Much has been discussed about the Trudeau Liberal’s feminist government — from a gender-parity cabinet, to making the status of women a stand-alone ministry, now called the Department for Women and Gender Equality — and if that has made an impact on women in Canada over the last four years.
While these measures have been introduced, the issue of pay equity amongst genders still exists, with women making, on average, 31 cents less per hour than their male counterparts. This statistic, however, doesn’t hold the same weight when we’re talking about the organized skilled trades and apprenticeships.
Because our members work under collectively negotiated agreements, or, project labour agreements, the rate of pay is determined by job classification, level of apprenticeship and/or journeyperson status and not gender. While this translates to pay parity (and there is a difference between pay equity and pay parity), it only helps part of the gender diversity equation.
The sad reality is that women still make up less than five per cent of the skilled trades workforce in Canada — an issue the Building Trades has been tackling head on through programs like Build Together, the establishment of three additional Offices to Advance Women Apprentices and the many initiatives championed by our affiliates.
While government funding — like the Union Training and Innovation Program — has paired well with our collective strategies to increase not only visibility, but opportunities for women in the skilled trades, we still have a long way to go. To bridge that divide, we need partners, partners in the next Federal Government, male allies who’ll have our back and women to support each other.
Rather than talk about what’s impeding us, we need to take a serious look at the identification and implementation of best practices — putting in place the things that we already know can make a difference, provide opportunity and break down barriers.
We have heard, time and again, about the projected shortage of skilled trades workers over the next decade, as nearly 250,000 tradespeople are expected to retire. Societal shifts away from the skilled trades started with the reduction and ultimate removal of skills training in the public education system. More should be done to provide a full projection of the issues that are contributing to the challenge we have today. We’ve researched the barriers to our success. As women, we know what we’ve faced and continue to face. What we need is a government to partner with us and our industry partners to establish apprenticeship opportunities for underrepresented groups through the construction and maintenance of new and existing infrastructure.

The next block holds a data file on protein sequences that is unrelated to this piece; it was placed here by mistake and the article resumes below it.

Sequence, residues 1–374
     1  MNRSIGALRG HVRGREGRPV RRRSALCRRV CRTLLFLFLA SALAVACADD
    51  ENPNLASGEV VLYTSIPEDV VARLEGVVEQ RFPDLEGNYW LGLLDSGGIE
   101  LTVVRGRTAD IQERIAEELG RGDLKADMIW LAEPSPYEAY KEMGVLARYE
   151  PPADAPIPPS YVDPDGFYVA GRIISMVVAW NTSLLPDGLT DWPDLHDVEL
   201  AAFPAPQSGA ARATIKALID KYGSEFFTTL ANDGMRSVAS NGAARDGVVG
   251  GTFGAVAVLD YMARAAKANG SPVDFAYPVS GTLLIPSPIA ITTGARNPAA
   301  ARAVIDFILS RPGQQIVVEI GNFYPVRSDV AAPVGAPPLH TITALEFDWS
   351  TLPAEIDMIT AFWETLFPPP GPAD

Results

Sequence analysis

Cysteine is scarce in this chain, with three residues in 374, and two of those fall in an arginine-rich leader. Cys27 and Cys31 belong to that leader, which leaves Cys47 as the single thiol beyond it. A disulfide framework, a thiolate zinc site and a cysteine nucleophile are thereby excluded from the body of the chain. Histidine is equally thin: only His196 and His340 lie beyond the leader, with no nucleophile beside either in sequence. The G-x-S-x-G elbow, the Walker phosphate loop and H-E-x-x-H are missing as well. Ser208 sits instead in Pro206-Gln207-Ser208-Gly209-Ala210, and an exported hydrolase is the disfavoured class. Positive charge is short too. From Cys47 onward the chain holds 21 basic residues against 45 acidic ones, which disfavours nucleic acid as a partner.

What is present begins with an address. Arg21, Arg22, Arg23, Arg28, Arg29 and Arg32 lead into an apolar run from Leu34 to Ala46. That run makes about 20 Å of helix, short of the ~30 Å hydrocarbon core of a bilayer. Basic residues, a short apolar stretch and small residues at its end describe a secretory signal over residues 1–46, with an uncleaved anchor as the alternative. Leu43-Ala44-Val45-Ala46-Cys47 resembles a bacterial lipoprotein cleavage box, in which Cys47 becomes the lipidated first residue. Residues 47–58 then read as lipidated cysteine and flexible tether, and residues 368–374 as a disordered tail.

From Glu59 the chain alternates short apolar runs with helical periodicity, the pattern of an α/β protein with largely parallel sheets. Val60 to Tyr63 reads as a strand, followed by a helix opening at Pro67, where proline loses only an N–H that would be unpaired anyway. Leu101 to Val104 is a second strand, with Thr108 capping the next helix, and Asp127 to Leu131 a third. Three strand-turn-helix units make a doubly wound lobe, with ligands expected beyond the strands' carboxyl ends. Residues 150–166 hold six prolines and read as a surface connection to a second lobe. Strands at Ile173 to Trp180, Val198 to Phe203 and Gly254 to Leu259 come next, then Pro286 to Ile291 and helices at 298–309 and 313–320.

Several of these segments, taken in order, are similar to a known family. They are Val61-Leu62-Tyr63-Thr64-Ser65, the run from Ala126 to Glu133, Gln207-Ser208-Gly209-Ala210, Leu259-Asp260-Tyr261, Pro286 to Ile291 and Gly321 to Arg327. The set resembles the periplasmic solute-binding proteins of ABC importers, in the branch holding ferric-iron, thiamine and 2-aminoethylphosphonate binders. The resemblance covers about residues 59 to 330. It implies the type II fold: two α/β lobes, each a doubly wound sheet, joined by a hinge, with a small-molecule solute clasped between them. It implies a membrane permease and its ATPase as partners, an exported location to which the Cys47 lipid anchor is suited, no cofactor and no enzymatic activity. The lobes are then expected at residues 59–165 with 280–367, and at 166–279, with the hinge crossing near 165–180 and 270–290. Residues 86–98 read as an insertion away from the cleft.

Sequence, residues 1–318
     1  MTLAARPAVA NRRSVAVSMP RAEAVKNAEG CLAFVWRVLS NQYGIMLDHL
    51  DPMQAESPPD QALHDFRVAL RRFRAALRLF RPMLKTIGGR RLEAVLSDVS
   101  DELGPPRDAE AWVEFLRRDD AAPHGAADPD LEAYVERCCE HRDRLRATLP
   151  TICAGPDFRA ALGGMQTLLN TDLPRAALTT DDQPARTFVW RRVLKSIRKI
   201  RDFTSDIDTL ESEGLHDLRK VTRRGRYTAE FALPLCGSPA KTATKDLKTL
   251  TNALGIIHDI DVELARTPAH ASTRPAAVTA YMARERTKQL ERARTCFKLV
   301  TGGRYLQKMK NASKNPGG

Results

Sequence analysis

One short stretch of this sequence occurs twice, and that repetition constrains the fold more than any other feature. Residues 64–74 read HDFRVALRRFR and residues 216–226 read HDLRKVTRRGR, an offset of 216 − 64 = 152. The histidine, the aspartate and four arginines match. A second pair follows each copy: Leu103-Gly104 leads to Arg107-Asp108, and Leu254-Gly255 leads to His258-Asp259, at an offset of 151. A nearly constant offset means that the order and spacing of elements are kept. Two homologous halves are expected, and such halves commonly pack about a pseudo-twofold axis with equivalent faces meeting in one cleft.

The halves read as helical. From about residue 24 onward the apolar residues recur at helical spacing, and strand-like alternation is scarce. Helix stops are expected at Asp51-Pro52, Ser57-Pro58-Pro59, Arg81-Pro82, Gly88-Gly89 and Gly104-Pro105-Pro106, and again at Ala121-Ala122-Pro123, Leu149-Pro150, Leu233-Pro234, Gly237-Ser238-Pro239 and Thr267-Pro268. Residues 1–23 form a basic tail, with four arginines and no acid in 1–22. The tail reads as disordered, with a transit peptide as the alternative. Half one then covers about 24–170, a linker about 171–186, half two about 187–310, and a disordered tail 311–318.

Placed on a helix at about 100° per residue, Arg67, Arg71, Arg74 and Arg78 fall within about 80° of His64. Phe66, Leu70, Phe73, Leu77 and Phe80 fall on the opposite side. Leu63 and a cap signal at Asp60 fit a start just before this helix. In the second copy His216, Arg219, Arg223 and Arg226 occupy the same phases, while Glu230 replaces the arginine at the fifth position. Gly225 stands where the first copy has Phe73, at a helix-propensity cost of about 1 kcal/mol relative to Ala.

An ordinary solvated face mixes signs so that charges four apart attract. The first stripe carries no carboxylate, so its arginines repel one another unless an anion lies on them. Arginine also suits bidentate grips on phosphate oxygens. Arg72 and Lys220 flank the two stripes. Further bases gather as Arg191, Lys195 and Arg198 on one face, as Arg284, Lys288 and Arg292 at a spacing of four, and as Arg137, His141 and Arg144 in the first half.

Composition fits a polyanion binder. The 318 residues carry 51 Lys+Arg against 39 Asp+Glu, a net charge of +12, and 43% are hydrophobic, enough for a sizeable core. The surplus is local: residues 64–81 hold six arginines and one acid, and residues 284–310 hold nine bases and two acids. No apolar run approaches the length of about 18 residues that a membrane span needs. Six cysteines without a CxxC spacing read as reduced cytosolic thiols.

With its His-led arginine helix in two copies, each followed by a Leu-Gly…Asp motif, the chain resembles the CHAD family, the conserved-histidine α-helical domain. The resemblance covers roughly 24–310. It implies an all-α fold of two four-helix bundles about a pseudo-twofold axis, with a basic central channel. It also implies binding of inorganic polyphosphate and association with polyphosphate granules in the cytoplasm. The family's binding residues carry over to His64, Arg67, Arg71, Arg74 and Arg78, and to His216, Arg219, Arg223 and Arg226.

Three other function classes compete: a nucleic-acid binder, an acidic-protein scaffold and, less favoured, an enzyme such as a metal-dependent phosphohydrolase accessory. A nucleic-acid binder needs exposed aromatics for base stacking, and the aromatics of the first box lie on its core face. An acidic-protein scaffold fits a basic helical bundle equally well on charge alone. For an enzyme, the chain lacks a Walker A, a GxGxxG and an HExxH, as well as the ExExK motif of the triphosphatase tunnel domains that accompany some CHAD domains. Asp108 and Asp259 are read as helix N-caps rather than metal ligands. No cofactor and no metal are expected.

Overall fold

This weekend, over 2,000 tradeswomen will gather in Minneapolis at Trades Women Build Nations (TWBN) — from across Canada and the U.S. — to celebrate our journey in the skilled trades. During this time, I challenge all of us to direct our energy to solutions. If you look back into the annals of history, at the remarkable women and men who have changed this world for the better, you will find common attributes — courage, grit, persistence, result-driven and solution-focused mindsets. Accountability is a game-changer because once we have accountability and oversight, real change will happen.
This conference is the largest of its kind in the world, and the energy will be palpable. As the leader of Canada’s Building Trades Unions, I am calling on all federal parties to commit to equity and inclusion, to ensure that they stand against division and include platform commitments that break down barriers for underrepresented groups to enter the skilled trades, to partner with us to provide opportunity, including financial incentives for apprenticeship completion, discrimination-free, respectful workplaces; and, do more than just “promote” the skilled trades as a viable career path.
While many skilled tradeswomen will not be able to join us at TWBN, I want to call attention to the power that each of you have individually and, the even greater power you have through solidarity.
When we come together with a shared vision for a more equal, fairer community, whether it is in the trades or otherwise, I know that through working together and having a government that honours the value of diversity and inclusion — and, all workers — we’ll continue to build a stronger and better Canada after Oct. 21.
Arlene Dunn is Canada’s Building Trades Unions director. Send comments to firstname.lastname@example.org.